obriencj

is a pile of bits

Javatools to Setuptools

I was supposed to write about sibilant, but of course I’ve been distracted.

My daughter is out of school on spring break, and I’ve taken leave from work so that we could hang out together. Of course this means that we’ve just been finding new ways to ignore each other as the week has gone by. We’ve certainly spent a lot of time at various parks and playgrounds, and we’ve played an awful lot of Minecraft together. But on the evenings we’ve also set up something approaching residency at our favorite coffee shop. She will sit and munch on chocolate chip cookies while watching videos and playing games on her ipad– oblivious to my presence– and I’ll find myself looking for something unimportant to half-heartedly hack on. It’s a pleasant and relaxing situation, this modern bonding.

And so it came to pass that I was looking over the python-javatools project again.

Javatools

I typically write my projects and tools in reverse– that is to say, I write them as if I had the API that I wanted, and then I create the library to fulfill that wish. In the end, I have a library and a tool that consumes it.

Javatools still turned out to be a bit of a mess. It arose from a simple enough question, it was suspected that a change in the binaries for some classes was limited to line numbering and was otherwise harmless. I took a quick glance at the format specifications for Java class files, and indeed that information is trivial to fetch.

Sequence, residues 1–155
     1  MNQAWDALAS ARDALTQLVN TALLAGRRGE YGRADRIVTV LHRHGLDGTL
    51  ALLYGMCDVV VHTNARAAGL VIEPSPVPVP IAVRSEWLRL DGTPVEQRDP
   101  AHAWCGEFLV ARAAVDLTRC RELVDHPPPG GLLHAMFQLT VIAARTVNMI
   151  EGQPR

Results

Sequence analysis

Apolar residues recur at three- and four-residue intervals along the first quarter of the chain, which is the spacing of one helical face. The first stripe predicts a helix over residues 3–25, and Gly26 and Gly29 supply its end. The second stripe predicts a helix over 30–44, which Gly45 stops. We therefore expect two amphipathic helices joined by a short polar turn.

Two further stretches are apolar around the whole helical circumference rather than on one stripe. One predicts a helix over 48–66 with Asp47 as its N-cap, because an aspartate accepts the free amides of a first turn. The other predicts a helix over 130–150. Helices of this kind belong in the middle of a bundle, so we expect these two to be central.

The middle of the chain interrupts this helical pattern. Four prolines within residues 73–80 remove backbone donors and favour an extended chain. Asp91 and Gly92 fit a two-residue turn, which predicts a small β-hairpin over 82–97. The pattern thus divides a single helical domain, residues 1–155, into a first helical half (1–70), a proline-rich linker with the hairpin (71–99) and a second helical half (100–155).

Thus, organically, began the life of a tool whose purpose is to compare class binaries and discover the “meaningful” differences.

Unit tests

This likely sounds mad, but I enjoy writing unit tests. They’re easy to throw together without paying a whole lot of attention, and you aren’t likely to actively break something. Use tools like coverage.py and it becomes a game; trying to reach 100% unittest coverage for some little library that has a total of 20 users in the entire world.

I started writing Javatools before I’d developed the habit of writing tests in parallel. Mind you, I “tested” the project frequently, running it against all manner of samples from out in the wild. I kept a script in git whose sole job was to compare two versions of JBoss AS against one-another– that was my test case.

Approaching actual test writing for this project seemed daunting at first– it meant I’d need to create data to test against, and that meant writing Java code so that I could disassemble it again later and check that what my tooling reports is indeed what ought to be there. But that’s exactly what I’ve been doing this week in the coffee shop– creating sample classes that I could tear apart. I’ve found one bug in javatools so far with this, so I even have something to show for it.

Setuptools

In order to more easily manage my unittests, I’ve migrated setup.py from the in-built distutils module to setuptools. Setuptools has a few quirks, and I’ve had to make adjustments to accommodate those. For instance, renaming the src directory to javatools. In theory I will be able to simplify setup.py by moving the pylint command out into its own file, but I haven’t arrived at that point yet.

Unfortunately, I still need to override the build_py command class to pre-compile my Cheetah templates into python modules.

Since this introduces a dependency for the project, I’ve kept these changes (including the unittests) in a separate branch until I can ascertain that it’s not too much churn for the upcoming 1.4 release.

Setuptools is widely-enough used that I sincerely doubt there will be any real issue with the switch. After a few more tests I’ll hopefully merge back to master and finally tag version 1.4 in git.

And then I’ll have to go back to thinking about the compiler for sibilant.